What Are Possible Side Effects of Symfi?
Common side effects of Symfi include:
- trouble concentrating,
- abnormal dreams,
- feeling unwell (malaise),
- nasal signs and symptoms,
- trouble sleeping (insomnia),
- weakness, and
What Is Atripla?
Atripla (efavirenz/emtricitabine/tenofovir disoproxil fumarate) is an antiviral medication that treats HIV, which causes acquired immunodeficiency syndrome (AIDS). Atripla is not a cure for HIV or AIDS.
What Is Symfi?
Symfi (elvitegravir, cobicistat, emtricitabine, and tenofovir alafenamide) is a four-drug combination of an HIV-1 integrase strand transfer inhibitor (INSTI), a CYP3A inhibitor, and two HIV-1 nucleoside analog reverse transcriptase inhibitors (NRTIs) and is indicated as a complete regimen for the treatment of HIV-1 infection in adults and pediatric patients 12 years of age and older who have no antiretroviral treatment history or to replace the current antiretroviral regimen in those who are virologically-suppressed (HIV-1 RNA less than 50 copies per mL) on a stable antiretroviral regimen for at least 6 months with no history of treatment failure and no known substitutions associated with resistance to the individual components of Genvoya.
What Drugs Interact With Atripla?
Atripla (efavirenz, lamivudine and tenofovir disoproxil fumarate) is a three-drug combination of a non-nucleoside reverse transcriptase inhibitor, and two nucleo(t)side reverse transcriptase inhibitors indicated as a complete regimen for the treatment of human immunodeficiency virus type 1 (HIV-1) infection in adult and pediatric patients weighing at least 40 kg.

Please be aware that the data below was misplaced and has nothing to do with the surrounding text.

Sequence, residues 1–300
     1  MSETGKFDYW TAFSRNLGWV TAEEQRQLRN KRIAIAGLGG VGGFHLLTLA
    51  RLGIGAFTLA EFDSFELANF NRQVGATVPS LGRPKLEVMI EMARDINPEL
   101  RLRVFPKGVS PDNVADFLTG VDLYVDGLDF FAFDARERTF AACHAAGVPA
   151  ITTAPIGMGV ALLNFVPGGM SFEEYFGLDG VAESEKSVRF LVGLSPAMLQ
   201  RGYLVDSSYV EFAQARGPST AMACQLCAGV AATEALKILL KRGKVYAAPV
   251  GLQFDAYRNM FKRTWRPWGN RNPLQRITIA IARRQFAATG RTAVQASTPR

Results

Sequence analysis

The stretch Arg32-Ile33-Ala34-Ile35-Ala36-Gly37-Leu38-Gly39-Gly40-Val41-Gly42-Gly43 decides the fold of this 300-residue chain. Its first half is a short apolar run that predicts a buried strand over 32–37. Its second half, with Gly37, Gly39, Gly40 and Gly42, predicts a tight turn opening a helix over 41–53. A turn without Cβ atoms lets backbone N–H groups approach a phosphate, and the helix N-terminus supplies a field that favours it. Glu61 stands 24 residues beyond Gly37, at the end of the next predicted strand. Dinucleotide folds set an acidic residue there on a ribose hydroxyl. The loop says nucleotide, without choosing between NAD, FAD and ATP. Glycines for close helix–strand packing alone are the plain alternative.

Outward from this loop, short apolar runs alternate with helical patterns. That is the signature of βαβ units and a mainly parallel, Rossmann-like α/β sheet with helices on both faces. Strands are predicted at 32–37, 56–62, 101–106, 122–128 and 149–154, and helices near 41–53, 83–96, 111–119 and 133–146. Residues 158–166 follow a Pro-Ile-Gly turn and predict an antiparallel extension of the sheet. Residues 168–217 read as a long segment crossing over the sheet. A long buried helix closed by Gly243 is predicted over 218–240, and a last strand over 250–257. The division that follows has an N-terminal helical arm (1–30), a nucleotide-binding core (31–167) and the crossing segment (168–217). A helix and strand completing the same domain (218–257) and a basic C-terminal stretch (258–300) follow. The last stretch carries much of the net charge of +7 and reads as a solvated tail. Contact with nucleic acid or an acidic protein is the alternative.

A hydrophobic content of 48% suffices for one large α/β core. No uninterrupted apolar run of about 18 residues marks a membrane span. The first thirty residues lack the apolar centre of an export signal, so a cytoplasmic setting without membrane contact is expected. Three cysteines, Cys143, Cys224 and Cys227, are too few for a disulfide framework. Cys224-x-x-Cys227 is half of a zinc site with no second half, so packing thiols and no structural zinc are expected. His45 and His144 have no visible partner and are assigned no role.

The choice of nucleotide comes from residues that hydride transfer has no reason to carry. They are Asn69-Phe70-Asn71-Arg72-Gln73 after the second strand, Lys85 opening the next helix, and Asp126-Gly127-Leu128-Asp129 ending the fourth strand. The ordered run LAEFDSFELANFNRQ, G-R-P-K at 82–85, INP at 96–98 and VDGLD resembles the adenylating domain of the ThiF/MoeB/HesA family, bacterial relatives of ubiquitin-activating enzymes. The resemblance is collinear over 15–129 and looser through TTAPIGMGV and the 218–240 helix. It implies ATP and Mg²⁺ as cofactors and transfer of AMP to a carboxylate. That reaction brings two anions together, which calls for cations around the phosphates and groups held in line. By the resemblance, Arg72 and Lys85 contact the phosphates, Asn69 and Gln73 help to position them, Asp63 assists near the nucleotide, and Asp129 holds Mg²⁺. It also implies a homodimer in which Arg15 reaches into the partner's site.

What Drugs Interact With Symfi?
Symfi may interact with other antiretroviral medications for the treatment of HIV-1 infection, drugs that prolong the QTc interval, antivirals, aminoglycosides, high-dose or multiple nonsteroidal anti-inflammatory drugs (NSAIDs), antimycobacterials, anticoagulants, anticonvulsants, antidepressants, antifungals, some antibiotics, antimalarials, calcium channel blockers, HMG-CoA reductase inhibitors ("statins"), hepatitis B and C antiviral agents, hormonal contraceptives, immunosuppressants, sorbitol, and narcotics. Tell your doctor all medications and supplements you use. Tell your doctor if you are pregnant or plan to become pregnant before using Symfi; women should avoid pregnancy during EFV therapy, a component of Symfi, and for 12 weeks after discontinuation. There is a pregnancy exposure registry that monitors pregnancy outcomes in women exposed to Symfi during pregnancy. Breastfeeding is not recommended while using Symfi due to the potential for HIV transmission.
How Should Atripla Be Taken?
The adult dose of Atripla is one tablet once daily taken orally on an empty stomach. Dosing at bedtime may improve the tolerability of nervous system symptoms.
How Should Symfi Be Taken?
The recommended dose of Symfi is one tablet taken orally once daily on an empty stomach, preferably at bedtime.
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FDA. Symfi Lo Product Information.